Seven big name Republicans have visited the state already this month
Don’t let anyone tell you the 2016 presidential campaign has yet to begin. Seven likely Republican candidates have visited Iowa in the last 11 days. “Part of my role as the state party chair is to make sure that there is a welcome mat out there for every single person that wants to come into this state,” said Iowa GOP Chairman Jeff Kaufman Sunday, as he introduced Perry at a fundraiser for a state senate candidate in Grand Mound.
The welcome mat already is in danger of getting worn down.
Florida Sen. Marco Rubio and Texas Sen. Ted Cruz appeared at influential GOP donor Bruce Rastetter’s annual party in rural Iowa, with Rubio, the only speaker, wowing the audience, according to attendees. Kentucky Sen. Rand Paul then arrived, embarking on a 3-day, 724-mile tour across the state to stump for candidates like Iowa Rep. Steve King. And Saturday, Cruz returned, joining four more would-be candidates, Louisiana Gov. Bobby Jindal, former Pennsylvania Sen. Rick Santorum, Texas Gov. Perry, and former Arkansas Gov. Mike Huckabee, at the Iowa Family Leader Summit, an annual cattle-call for the state’s social conservative grassroots. Perry used the event to embark on a 500-mile, four day tour on behalf of local candidates, meeting with influential state politicos.
On stage, in fundraisers and at the state fair, the candidates are road-testing their messages, “I wondered long and hard which is it, is this the most ideologically extreme or the most incompetent [administration],” Jindal said Saturday, mixing jokes with a speech heavy on his efforts to bring about education reform in his state. “The best answer I could come up with was Secretary Clinton’s statement, ‘What difference does it make?'”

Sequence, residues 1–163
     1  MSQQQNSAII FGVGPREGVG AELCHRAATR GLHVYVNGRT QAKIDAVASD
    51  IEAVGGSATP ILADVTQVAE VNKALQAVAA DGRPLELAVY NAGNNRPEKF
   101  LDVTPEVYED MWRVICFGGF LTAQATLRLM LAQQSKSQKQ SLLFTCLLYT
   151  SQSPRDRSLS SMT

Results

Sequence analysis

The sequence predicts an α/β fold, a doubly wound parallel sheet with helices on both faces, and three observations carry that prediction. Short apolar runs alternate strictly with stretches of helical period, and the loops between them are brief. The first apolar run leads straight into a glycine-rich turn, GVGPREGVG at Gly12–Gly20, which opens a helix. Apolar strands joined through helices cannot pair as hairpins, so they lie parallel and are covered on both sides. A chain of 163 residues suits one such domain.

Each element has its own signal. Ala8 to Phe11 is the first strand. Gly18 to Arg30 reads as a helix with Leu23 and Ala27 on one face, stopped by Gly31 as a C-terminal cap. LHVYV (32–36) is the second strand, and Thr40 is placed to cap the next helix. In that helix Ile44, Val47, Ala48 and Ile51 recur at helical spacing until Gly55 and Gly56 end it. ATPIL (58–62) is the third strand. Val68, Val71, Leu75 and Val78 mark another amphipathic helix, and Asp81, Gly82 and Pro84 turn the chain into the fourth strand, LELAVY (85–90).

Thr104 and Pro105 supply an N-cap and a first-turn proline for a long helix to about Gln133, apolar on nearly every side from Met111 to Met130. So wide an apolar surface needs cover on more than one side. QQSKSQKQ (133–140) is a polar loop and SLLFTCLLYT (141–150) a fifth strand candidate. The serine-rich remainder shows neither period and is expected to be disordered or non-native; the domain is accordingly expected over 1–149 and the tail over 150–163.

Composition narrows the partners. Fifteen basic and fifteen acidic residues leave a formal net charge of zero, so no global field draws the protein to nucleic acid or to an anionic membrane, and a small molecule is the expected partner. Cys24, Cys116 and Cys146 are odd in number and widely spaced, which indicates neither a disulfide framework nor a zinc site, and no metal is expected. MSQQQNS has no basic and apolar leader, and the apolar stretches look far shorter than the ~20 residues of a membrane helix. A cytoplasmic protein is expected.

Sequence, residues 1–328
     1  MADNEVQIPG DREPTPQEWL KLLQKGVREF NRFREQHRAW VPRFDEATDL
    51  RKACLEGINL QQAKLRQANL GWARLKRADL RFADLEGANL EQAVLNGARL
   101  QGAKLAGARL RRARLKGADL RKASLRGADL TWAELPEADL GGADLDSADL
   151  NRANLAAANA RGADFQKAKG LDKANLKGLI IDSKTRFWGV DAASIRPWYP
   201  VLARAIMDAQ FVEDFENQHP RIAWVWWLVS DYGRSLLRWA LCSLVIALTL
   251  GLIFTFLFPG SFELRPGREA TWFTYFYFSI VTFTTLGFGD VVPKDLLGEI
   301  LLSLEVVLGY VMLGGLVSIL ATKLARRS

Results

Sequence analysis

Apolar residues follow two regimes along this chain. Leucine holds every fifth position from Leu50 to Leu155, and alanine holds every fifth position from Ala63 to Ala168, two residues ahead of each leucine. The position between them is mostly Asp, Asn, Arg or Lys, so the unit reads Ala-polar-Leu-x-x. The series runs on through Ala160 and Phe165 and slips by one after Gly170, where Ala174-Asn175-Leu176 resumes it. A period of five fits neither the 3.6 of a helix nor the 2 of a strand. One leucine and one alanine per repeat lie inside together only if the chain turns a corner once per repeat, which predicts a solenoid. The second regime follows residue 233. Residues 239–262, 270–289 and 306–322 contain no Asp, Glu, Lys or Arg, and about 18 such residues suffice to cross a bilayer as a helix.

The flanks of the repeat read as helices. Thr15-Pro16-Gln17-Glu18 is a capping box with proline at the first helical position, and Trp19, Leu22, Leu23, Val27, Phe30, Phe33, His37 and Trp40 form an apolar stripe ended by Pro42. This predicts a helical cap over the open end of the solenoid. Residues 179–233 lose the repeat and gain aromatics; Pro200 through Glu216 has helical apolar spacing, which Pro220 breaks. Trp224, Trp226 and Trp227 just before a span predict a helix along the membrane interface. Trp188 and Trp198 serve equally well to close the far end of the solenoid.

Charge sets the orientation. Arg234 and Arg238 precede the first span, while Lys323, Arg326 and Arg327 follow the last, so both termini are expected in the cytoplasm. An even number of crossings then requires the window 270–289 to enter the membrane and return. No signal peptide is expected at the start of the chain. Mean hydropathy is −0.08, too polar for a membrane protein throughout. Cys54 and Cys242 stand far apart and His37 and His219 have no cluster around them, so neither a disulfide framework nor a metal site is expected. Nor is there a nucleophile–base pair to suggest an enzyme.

Cruz spoke at the Des Moines Register soapbox at the state fair Saturday, and blasted Obama’s economic record. “We are trapped in the great stagnation,” he said, comparing Obama to former President Jimmy Carter. At the Family Leader summit, he listed off conservative victories since he took office, including efforts to block gun control. Santorum, meanwhile, repeated his call for the GOP to focus less on business owners and more on the workers they employ. Perry is due to face the notoriously heckle-prone audience on Tuesday.
Politicos in the state say Paul, Perry, Jindal, Santorum, and New Jersey Gov. Christie, who was in Iowa boosting Gov. Terry Branstad’s re-election just last month, have done the most to assist local politicians this fall—a key way to build support for the caucuses.
With the likely candidacy of Hillary Clinton, Democratic contenders have had much lower visibility, attending the occasional fundraiser for a candidate or the state party, but eschewing outright campaigning. Yet rumors abound that Clinton or her husband, former President Bill Clinton, will attend retiring-Sen. Tom Harkin’s final annual steak fry before his retirement next year. Their attendance at the Sept. 14 event, which was Obama’s first Iowa event in 2006, may be disrupted by the upcoming arrival of the Clinton’s first grandchild.
Cruz is already scheduled to be back in Iowa next month for the Iowa Faith & Freedom Coalition’s annual fall conference, while Perry, Christie, and Jindal all plan to be back in the state before the midterm election.
But that doesn’t mean they’re the biggest celebrities in town. A write-up of Rubio’s appearance at the Rastetter event in the Des Moines Register also noted the attendance of Chris Soules, the Iowa farmer who appeared on the latest season of ABC’s Bachelorette. The headline: “Rubio gains notice, but ‘Bachelorette’ hunk steals show.”